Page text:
Flaming Gorge in Colorado’s sights
Two numbers frame the decision last week by the Colorado Water Conservation Board to fund further study on a project to pipe thousands of acre-feet of water every year from Wyoming’s Flaming Gorge reservoir to users along Colorado’s Front Range.
The CWCB forecasts that a 20 percent water supply shortfall – the so-called “supply gap” – will materialize for the state’s municipal and industrial users within a couple decades; and additional CWCB research completed last year indicated that Colorado may be entitled to as much as 400,000 acre-feet of additional supply from the Colorado River, water that’s not currently being stored or used here.
The unanimous decision to take a hard look at Flaming Gorge underscores the reality that Colorado has no choice but to determine whether the project, the brainchild of Fort Collins businessman Aaron Million, is the best approach to fully develop the state’s Colorado River Compact allocation and address this supply gap. It would have been irresponsible for the CWCB, steward of the state’s water resources, not to further explore Flaming Gorge. The Board deserves credit for making the right call.
Since Million brought attention to Colorado’s right to file for water permits on the Green River, and proposed tapping Flaming Gorge for the state’s benefit, the project has become a lightning rod in the regional competition for water in the West. Opponents of the project are primary concerned that the Colorado River is tapped-out – over-appropriated and not nearly able to sustain the diversion of thousands of additional acre-feet of water from the main-stem of the river or its primary tributaries like the Green River.
This may be the case – but it may not be, either. No one is really sure. The CWCB has been busy trying to find out. Phase one of the “Colorado River Availability Study,” released last year, identified a “range” of undeveloped water remaining in the River basin for the state’s use. Officials won’t commit to a number – but on the upper-end of the range, scenarios forecast as much as 400,000 acre-feet available per year.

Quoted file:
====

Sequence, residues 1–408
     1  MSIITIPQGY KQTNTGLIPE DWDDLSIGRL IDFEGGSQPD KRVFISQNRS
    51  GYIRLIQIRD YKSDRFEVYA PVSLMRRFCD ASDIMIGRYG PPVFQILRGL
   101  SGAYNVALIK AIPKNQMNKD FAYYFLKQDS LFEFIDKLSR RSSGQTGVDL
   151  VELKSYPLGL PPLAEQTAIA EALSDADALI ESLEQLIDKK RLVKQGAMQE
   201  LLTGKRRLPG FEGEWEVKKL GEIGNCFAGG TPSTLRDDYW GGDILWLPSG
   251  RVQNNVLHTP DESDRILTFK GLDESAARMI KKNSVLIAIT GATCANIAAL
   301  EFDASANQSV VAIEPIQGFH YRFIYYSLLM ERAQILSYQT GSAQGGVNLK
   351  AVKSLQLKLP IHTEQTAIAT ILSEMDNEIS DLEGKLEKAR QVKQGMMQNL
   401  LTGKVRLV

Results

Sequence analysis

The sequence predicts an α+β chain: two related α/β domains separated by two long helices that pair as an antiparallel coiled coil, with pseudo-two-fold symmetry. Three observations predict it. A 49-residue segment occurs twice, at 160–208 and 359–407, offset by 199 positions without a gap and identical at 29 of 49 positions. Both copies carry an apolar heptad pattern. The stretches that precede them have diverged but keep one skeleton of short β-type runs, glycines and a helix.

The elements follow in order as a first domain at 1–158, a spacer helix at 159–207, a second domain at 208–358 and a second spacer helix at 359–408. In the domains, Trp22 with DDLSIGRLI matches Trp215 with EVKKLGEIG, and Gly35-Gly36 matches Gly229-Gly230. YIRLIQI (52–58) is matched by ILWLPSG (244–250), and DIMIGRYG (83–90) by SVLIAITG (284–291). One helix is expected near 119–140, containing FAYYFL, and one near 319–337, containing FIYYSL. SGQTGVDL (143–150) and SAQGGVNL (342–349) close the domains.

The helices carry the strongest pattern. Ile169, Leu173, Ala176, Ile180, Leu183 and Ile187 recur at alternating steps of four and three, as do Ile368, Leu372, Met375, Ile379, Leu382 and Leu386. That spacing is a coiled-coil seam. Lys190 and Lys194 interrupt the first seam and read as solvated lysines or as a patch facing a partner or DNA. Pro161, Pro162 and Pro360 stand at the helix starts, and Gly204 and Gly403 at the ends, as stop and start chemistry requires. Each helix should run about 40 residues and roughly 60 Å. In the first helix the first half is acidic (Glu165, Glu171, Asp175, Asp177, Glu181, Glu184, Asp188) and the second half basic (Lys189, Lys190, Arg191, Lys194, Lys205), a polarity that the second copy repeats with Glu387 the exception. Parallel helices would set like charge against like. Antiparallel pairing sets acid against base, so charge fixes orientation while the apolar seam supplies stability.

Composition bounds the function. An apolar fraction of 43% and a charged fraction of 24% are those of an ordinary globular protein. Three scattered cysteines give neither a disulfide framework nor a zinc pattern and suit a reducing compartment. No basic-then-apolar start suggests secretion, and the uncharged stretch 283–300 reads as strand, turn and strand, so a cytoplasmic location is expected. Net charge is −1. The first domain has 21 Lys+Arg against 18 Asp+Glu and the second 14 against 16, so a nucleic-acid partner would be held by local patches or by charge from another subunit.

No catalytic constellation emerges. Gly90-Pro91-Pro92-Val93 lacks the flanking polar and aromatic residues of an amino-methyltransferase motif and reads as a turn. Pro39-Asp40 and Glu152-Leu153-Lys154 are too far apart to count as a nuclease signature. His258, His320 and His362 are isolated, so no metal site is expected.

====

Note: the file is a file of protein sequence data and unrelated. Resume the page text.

It’s therefore possible that Colorado is currently getting the short end of its Colorado River Compact allocation of roughly 3.8 million acre-feet of water per year, and that lower-basin states like Arizona and California are the beneficiary – and have been for decades – of Colorado’s largesse, of its inability to measure and store a more precise amount.
With state and local governments under pressure to reduce debt, the multibillion dollar price tag of a 500-mile pipeline has also raised eyebrows. But water projects in the West were once conceived and built as public-private partnerships, a model Million has proposed and one that planners may well revisit with regard to water infrastructure. In fact it’s difficult to envision any public works project of considerable size becoming a reality without embracing a new financial model. And at this juncture, it would likely be easy to find municipalities in Colorado who would be willing to trade long-term water security for a private-sector partnership.
Flaming Gorge is an intriguing if controversial project. Immediately this massive impoundment would double Colorado’s storage capacity if brought online as an infrastructure asset – addressing an acute need. The Green River rises in Wyoming near Jackson Hole, providing in effect a redundant drainage to the Colorado main stem, which originates above Granby. And for those who value the contributions of agriculture in our state, and fear the impacts of its diminution as water rights are sold to urban interests, Flaming Gorge could effectively slow the transfer of ag water and allow the industry to reinvent itself without a proverbial gun to its head.
Will a Flaming Gorge pipeline ever be built? It may not – it requires further study. But in agreeing to fund more research, the CWCB’s unanimous vote served the vital economic interests of the state.